Sibling Ribaldry

Where did I get my twisted sense of humor? Competitive wisecracking was my family’s favorite game—and survival mechanism.

Wow, was I grateful, after irony was declared dead awhile back that I’d gotten through junior high before it went extinct. Irony, cheap humor, cynicism—how else does anyone survive adolescence? It was how, back in the mid-sixties, my family taught me to survive everything in general but junior high in particular.

Straight out of Catholic schools in San Antonio and Harlingen, I entered public school late in the ninth grade believing that plaid pleated skirts and a Kleenex bobby-pinned to your head were valid fashion statements. Given that the physical education programs back at Holy Name and St. Anthony’s had consisted entirely of genuflecting, my response to the novel experience of finding a spheroid object hurtling at great velocity toward my head was a sensible one: Cover face with both hands and drop to the earth, making sign of the cross and twitching optional. Was I chosen last for every single team? I wish. Invariably, I would be all alone, quarantined on an acre of varnished gym floor while shin-guarded harpies argued about who would be forced to “take Bird.” Or “spaz,” as my chief tormentor, Candy Morthwick, had christened me.

Too timid to beat Candy Morthwick to death with her own field hockey stick, we did what we always did in my family: We made vicious fun of her behind her back. Candy Morthwick became a staple in the rotating cast of characters—the bosses, bullies, and, later, bad boyfriends—we mocked on one another’s behalf.

“What’s new with Fourth Wit?” a brother asked, having turned “Morthwick” into “Fourth Wit,” half of a half-wit.

My father joined the dog pile with “How was the Chromosome Case today? Did you compliment Svetlana on the pencil-thin mustache?” In his version of my nemesis, Candy was a Russian shot-putter who shaved twice a day. Every evening he had new styling suggestions for me to offer her: muttonchops, a goatee, the Vandyke. Somehow, imagining the girl who called me “spaz” with a pencil-thin mustache did help to take the sting out.

Humor was the one game we all knew how to play. Puerile, scatological, wildly inappropriate, it buffered our Air Force family of eight during years of constant moving, of forever being the new girl, the new boy. My father set the tone for the game, but my mother, a former Army nurse, awarded the prize. Six children, always starved for attention, we baby birds killed ourselves for the big worm: her laugh. That laugh was Johnny Carson inviting you to sit on the couch.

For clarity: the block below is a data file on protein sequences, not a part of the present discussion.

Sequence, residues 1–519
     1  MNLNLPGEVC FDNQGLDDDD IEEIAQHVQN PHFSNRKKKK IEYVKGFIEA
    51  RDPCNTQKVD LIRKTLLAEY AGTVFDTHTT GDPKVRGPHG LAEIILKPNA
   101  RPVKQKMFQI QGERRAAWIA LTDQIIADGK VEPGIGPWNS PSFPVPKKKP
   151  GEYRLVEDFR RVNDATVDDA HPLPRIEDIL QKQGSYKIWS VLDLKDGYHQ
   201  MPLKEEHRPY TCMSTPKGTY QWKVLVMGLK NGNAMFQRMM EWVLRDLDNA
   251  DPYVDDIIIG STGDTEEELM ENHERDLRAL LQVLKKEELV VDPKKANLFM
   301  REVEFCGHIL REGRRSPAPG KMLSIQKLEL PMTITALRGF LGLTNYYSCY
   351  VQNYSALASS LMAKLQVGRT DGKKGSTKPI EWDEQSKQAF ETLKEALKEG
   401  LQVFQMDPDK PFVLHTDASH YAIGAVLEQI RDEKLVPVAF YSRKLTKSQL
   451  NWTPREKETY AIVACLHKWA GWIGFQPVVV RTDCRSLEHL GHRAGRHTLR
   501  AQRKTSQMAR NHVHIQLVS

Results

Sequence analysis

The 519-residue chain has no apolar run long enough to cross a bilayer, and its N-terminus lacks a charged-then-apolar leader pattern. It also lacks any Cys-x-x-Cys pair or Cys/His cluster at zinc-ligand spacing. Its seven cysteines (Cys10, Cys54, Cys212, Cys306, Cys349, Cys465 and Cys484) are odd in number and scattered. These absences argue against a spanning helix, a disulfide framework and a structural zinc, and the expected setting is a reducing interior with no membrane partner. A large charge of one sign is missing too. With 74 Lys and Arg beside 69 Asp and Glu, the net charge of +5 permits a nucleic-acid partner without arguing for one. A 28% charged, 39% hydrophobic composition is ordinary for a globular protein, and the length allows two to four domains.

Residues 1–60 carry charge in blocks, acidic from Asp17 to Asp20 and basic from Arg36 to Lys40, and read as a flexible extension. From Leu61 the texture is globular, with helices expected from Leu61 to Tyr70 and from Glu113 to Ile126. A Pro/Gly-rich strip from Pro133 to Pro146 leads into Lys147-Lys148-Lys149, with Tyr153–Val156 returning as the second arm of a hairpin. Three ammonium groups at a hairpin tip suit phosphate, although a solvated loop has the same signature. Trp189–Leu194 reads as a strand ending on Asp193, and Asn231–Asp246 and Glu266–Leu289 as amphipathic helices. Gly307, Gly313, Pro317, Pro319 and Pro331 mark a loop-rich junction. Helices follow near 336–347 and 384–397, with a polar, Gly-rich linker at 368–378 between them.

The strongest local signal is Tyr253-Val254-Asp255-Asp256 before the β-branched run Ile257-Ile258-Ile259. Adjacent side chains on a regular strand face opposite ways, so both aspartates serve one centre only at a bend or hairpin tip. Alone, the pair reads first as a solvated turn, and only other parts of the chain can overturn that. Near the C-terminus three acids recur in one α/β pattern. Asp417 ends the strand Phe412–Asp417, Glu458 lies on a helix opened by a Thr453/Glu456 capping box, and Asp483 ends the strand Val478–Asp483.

By the early seventies, we all knew the game pretty well, and late at night we’d gather in the kitchen and play. The double-jointed brother, feet pretzeled behind his head, would be perched on the counter on his hands. I’d be reliving the moment earlier that evening when my “dream date” had shown me his army of perfectly painted Napoleonic toy soldiers, which I could look at but he’d prefer I not touch. Another brother would appear, years before John Belushi, hair in a ponytail on top of his head, as the Samurai Used Car Salesman, ready to commit ritual seppuku to close a deal. Someone else would be simulating copulation with my mom’s papier-mâché pig from Laredo. You could always get a laugh from Nurse Bird with an amorous interlude with the pig, since she loved the naughty jokes best.

A cardinal rule of the game was Never Give a Straight Answer. No matter what the question, several joke answers were mandatory, but the first one was always the most important. Like your dog bowing down with his butt in the air and his head on his paw, it was the one that said, “Let’s play.” If, for example, you were foolhardy enough to ask what time it was, the answers might range from “Time to get right with the Lord” to “Time for you, Sarah Bird, to make something of your pathetic sham of an existence.”

Last Christmas, my siblings and our families decided to gather in Orlando, Florida, home of Disney World. Why? Let’s just say that Catholics believe that suffering on this earth shaves time off your sentence in purgatory, heaven’s waiting room. And that suffering while waiting three hours with a $5 beer in your hand for a four-minute ride on Buzz Lightyear’s Carousel of Reverse Peristalsis counts triple.

Holiday gatherings are hard. Once a year, families try to fit back together the puzzle of lives that had once been joined, but the pieces have swollen over time with new families, new lives, new jokes. It was our first Christmas without our parents, and it threatened to be more difficult than usual. As we all tried to squeeze into places that had gotten too small or never really fit, it seemed that humor was a song whose tune we’d forgotten.

Falling back on small talk one afternoon as we stumbled through a tour of NASA, I asked my sisters, who live in New Mexico, if they could think of any good activities to occupy my fifteen-year-old son when we visited this summer. They appeared to seriously consider the question, in a cordial yet distant way, until one kicked off with “Oh, well, naturally he’ll want to go out antiquing every day with his aunts.”

My other sister threw down with “Sarah, what fifteen-year-old boy wouldn’t adore ice-dancing camp?”

Just about this time, we found ourselves in front of a case containing a moon rock. My youngest sister squinched up her face, pretended to suck on a Virginia Slim, then rasped, “Moon rock, schmoon rock. That Buzz Aldrin, baby, he rocked my moon!” That was it. For the rest of the tour we were all chain-smoking, geriatric astronaut groupies recalling “missions completed” with Neil Armstrong, Alan Shepard, and, ho boy, don’t get me started on “liftoff” with Johnny Glenn.

Later that evening, as we piloted our rented minivan back to Mickey’s Maingate Manor, I looked at my son, regretting that, as an only child, he’d never

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